Crac was also visited by many passing Crusaders who, we may presume, left donations. In 1218 King Andrew II of Hungary came there and was received with royal honours by the castellan, Raymond of Pignans. The king was extremely impressed by the work of the Knights in what he called the 'key of the Christian lands [terre clavem christiane]' and endowed them with income from his own properties in Hungary, 60 marks per annum for the Master and 40 for the brothers. A less affluent but equally chivalrous visitor was Geoffroy de Joinville, a baron from one of the leading families of Champagne, who had been given the right to quarter his arms with those of England by Richard Coeur de Lion on account of his knightly prowess. He joined the Fourth Crusade, many of whose members went on to sack Constantinople in 1204, but he broke away from the mob and came to Syria to fulfil his crusading vows. He died at Crac in 1203 or 1204 and was buried in the chapel, and his shield, along presumably with many others, was hung on its frescoed walls. We know about this because his nephew Jean, the biographer of St Louis, went to Crac in the early 1250s in the course of St Louis' stay in the Levant, and took the shield back to France. There it hung in the collegiate church at Joinville until stolen by some German mercenaries in 1544. Geoffroy's bones probably still lie beneath the paving of the austere and dignified chapel with its simple apse and plain vaulted roof to the present day.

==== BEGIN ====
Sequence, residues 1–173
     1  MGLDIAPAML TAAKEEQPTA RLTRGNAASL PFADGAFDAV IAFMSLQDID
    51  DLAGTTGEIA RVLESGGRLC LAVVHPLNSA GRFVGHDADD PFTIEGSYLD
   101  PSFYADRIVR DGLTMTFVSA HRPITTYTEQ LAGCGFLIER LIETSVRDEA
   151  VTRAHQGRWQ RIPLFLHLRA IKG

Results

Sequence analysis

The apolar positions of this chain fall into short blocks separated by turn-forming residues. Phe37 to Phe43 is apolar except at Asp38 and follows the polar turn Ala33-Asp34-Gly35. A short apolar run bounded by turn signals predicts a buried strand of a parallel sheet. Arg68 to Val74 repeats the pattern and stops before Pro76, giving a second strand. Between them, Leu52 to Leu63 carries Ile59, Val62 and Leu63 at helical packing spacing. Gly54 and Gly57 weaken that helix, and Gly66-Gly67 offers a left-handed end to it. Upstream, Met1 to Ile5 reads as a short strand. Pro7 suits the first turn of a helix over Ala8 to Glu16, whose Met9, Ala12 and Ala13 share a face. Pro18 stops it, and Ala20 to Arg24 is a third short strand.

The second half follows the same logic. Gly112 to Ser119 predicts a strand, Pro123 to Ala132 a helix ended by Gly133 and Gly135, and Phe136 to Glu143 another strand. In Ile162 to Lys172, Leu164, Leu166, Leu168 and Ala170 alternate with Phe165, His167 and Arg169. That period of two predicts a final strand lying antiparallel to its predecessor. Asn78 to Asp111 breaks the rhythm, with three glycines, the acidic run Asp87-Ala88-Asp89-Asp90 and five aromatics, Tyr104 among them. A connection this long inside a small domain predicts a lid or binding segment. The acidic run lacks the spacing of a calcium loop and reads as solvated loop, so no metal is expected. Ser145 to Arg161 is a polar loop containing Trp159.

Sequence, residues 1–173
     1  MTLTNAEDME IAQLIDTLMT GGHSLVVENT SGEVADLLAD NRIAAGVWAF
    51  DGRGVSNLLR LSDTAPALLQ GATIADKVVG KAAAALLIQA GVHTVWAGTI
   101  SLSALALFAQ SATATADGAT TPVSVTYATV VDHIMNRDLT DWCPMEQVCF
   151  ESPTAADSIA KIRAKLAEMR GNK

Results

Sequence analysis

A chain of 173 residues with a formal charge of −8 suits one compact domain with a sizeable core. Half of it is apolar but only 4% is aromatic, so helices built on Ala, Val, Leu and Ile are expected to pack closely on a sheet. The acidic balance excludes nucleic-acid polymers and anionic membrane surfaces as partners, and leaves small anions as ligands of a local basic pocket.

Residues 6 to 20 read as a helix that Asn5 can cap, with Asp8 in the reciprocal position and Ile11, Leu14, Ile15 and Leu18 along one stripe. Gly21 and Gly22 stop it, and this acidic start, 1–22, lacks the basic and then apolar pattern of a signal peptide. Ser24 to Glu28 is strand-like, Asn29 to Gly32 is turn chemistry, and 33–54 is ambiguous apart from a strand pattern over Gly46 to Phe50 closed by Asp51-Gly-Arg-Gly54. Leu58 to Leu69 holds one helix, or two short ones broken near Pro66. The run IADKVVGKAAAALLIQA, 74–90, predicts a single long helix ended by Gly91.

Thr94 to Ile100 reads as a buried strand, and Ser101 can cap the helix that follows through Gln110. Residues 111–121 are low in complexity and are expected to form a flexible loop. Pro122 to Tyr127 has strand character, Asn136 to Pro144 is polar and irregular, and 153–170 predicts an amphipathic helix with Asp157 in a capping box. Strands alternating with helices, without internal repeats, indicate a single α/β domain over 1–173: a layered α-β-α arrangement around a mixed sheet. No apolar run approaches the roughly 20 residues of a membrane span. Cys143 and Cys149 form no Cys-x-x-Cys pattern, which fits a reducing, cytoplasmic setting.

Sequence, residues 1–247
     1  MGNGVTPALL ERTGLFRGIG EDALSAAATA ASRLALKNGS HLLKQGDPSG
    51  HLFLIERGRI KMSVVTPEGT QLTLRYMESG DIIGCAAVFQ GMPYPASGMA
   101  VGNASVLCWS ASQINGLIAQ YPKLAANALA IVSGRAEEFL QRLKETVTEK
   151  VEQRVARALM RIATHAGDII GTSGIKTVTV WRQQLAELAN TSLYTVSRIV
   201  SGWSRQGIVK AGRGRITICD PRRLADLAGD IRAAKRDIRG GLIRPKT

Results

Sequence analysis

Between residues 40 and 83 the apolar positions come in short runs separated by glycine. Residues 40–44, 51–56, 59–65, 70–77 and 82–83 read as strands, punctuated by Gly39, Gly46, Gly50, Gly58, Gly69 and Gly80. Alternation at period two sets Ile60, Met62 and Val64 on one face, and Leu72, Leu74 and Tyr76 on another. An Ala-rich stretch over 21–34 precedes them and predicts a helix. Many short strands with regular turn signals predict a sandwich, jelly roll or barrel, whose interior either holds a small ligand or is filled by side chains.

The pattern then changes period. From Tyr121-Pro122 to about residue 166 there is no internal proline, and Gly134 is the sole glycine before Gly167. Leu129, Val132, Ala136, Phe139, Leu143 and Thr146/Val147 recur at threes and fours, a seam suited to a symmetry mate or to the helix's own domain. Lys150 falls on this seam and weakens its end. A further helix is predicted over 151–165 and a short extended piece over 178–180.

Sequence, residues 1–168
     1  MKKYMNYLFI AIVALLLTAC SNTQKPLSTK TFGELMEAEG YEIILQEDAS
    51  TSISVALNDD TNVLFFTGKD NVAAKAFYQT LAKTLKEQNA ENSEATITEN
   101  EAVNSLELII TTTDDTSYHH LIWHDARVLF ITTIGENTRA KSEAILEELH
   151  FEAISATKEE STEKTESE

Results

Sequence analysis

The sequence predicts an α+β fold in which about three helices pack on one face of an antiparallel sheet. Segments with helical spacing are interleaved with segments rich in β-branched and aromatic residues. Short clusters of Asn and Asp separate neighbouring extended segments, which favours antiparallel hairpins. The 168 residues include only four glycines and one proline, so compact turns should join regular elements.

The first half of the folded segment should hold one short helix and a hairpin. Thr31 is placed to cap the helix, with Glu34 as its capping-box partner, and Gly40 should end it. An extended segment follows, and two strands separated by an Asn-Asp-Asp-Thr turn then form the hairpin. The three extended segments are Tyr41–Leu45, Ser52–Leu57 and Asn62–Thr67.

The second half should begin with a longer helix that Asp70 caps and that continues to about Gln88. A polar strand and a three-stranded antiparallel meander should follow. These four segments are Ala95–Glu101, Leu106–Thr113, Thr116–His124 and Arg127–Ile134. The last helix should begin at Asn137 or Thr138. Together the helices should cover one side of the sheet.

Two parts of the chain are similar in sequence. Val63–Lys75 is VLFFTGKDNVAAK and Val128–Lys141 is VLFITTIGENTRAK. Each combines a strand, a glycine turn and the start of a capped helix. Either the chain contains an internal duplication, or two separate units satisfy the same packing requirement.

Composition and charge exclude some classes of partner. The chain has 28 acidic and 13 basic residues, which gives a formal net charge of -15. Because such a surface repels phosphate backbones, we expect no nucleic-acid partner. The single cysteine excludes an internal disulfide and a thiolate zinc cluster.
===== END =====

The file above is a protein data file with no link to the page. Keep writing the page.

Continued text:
Crac is an exceptional castle. It owed its glories to the wealth the Knights acquired from their own rich lands, from extracting tribute from the neighbouring Muslims and from the generosity of visiting Crusaders.

The main hall (palatio) was used to feed 4,000 men daily in the siege of 1220. Naturally, since the castle was occupied by a Military Order, there was a fine chapel of almost octagonal plan, whose vaulted roof was supported by a slender central column. In both the strength of its defences and the extent of its living quarters, Chastel Pelerin was among the most impressive of thirteenth-century Crusader works.

Outside the castle proper a small town was founded with a church and baths and enclosed by an unimpressive wall. In 1220 the castle, defended by no less than 4,000 combatants, faced a major assault by al-Malik al-Mu'azzam who brought with him seven siege engines: his artillery could not even reach the great towers of the inner enceinte, one engine was destroyed by the artillery of the defenders and the attack was a fiasco. He withdrew after a month and the hastily constructed castle had proved its worth.